We may be the only humans to ever see the green Comet Nishimura. Here's how, when, and where to spot it best.

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We may be the only humans to ever see the green Comet Nishimura. Here's how, when, and where to spot it best.
Comet Nishimura, photographed via telescope in June Lake, California, in late August.Dan Bartlett
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The green-tinged Comet Nishimura is zipping past Earth, and you have a few days to grab what could be a one-time-only chance to spot it — with a little know-how.

Comet Nishimura, named after the amateur astronomer who first spotted it in August, passes closest to Earth on September 12, when it will be about 78 million miles away — roughly 325 times farther than the moon.

Experienced stargazers can see it with binoculars now. In mid-September, as it comes closer, it may even be visible to the naked eye.

You need to be somewhere with dark skies, but it could be well worth the trip, as this may be humanity's only chance of seeing the cosmic spectacle.

We may be the only humans to ever see the green Comet Nishimura. Here's how, when, and where to spot it best.
Comet Nishimura streaks across the night sky above June Lake, California, on Thursday.Dan Bartlett

After passing our planet, Comet Nishimura will continue careening toward the sun — and possibly its own destruction.

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On September 17, it's set to pass within 21 million miles of the sun, according to Space.com. That's about 40% closer than the planet Mercury.

The sun might burn the comet up, making us the first, last, and only humans to ever see it.

But if the ball of space ice survives its fiery flyby, it will reappear in the Southern Hemisphere at the end of September, according to The Planetary Society.

Here's how you can see it for yourself.

How, when, and where to spot Comet Nishimura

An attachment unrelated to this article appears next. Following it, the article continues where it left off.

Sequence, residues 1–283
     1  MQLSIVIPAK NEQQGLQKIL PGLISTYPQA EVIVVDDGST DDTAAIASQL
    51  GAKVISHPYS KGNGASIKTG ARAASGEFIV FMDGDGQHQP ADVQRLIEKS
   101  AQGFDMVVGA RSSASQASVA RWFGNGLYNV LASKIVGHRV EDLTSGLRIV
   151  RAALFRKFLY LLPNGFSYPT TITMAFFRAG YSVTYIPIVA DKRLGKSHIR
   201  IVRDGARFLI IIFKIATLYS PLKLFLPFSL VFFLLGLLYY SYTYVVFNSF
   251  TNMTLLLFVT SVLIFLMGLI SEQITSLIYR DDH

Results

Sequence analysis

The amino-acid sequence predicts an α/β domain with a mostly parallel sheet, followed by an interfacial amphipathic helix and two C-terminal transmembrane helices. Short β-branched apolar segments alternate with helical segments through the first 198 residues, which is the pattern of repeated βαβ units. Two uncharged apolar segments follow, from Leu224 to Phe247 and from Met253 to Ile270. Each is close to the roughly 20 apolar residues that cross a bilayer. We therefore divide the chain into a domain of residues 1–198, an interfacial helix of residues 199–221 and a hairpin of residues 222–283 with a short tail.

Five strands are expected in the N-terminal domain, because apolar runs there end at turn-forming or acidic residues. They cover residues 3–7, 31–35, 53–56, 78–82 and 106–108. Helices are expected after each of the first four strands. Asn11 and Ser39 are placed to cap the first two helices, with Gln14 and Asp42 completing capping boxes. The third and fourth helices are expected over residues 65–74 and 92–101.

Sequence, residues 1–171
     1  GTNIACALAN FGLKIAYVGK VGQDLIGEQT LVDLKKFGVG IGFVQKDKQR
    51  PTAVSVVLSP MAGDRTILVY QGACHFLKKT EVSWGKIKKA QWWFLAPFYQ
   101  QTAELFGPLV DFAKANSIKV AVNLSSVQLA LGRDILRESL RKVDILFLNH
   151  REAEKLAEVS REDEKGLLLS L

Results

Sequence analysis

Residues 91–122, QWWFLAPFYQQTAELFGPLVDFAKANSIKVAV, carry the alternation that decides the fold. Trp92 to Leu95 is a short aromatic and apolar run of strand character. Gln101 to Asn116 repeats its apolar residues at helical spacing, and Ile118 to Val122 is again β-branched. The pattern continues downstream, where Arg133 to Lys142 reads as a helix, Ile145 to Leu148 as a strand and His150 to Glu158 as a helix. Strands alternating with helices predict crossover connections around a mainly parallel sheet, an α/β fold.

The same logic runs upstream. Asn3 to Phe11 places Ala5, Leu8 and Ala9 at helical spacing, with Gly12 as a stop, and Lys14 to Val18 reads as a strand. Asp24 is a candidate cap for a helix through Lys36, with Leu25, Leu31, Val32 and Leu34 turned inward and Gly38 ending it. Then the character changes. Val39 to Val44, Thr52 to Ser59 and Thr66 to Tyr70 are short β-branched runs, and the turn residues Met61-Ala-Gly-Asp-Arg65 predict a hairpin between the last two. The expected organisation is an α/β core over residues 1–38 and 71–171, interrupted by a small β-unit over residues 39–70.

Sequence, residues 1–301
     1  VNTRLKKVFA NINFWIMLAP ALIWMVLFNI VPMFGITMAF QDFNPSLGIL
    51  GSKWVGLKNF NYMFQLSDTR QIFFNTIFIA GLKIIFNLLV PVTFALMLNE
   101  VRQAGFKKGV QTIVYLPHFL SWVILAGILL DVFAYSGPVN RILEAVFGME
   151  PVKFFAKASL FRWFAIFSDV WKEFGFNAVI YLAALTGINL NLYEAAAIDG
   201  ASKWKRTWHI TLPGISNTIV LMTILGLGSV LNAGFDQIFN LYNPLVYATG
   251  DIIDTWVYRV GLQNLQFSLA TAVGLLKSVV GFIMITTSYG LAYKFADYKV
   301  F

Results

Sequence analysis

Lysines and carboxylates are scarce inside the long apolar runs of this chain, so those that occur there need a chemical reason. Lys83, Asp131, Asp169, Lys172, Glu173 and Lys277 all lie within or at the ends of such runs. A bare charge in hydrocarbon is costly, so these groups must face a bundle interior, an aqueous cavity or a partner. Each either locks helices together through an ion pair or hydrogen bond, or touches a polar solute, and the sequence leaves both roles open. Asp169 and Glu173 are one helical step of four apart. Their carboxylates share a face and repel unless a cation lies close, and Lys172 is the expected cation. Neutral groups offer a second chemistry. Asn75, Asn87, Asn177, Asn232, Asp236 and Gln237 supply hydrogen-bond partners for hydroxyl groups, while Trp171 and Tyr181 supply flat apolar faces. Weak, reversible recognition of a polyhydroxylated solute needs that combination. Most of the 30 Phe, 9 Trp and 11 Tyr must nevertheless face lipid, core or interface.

We may be the only humans to ever see the green Comet Nishimura. Here's how, when, and where to spot it best.
A photographer attempts to capture the comet Neowise from Trwyn Du Lighthouse, Anglesey, Wales.Carl Recine/Reuters

For now, Comet Nishimura is only visible in the Northern Hemisphere. Spotting it requires good conditions and a bit of know-how.

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"It isn't a peoples' comet," Dan Bartlett, a California astrophotographer who has been photographing comets for years, told Insider via email. "I wouldn't camp out for this one unless you are with an expert in comet observing."

You'll need a spot with dark skies far from any cities, an unobstructed horizon to the East, a pair of binoculars, and ideally a phone application for spotting night-sky objects, like Sky Safari.

Bringing a telescope will give you an even clearer view. You may want to bring a chair for comfort.

The comet may still be visible Saturday morning, but by Sunday Bartlett thinks it could be lost in the glare of the rising sun, too hard for amateurs to spot. Other forecasts have said that Comet Nishimura could get brighter as it approaches Earth through September 12 — possibly bright enough to see with the naked eye — but it will also hug closer to the horizon.

After September 13, it probably won't be visible anymore, according to the Planetary Society.

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The comet should be visible just above the Eastern horizon an hour or two before sunrise, between the constellations Cancer and Leo. It shouldn't be too hard to find its general location, since the comet will rise near Venus, which appears as the brightest "star" in the sky.

Look for a "bright, fuzzy head" with "a short, westward-pointing tail," Bob King of Sky and Telescope wrote in a blog post on Wednesday. King said he could see it with a pair of 10x50 binoculars.

Because the comet will appear faint without a telescope, you may be more likely to spot it in your periphery than in the center of your vision.

The comet's head — surrounded by a cloud of gas and dust from the sun vaporizing its ice — is a "pleasing blue-green color," King added.

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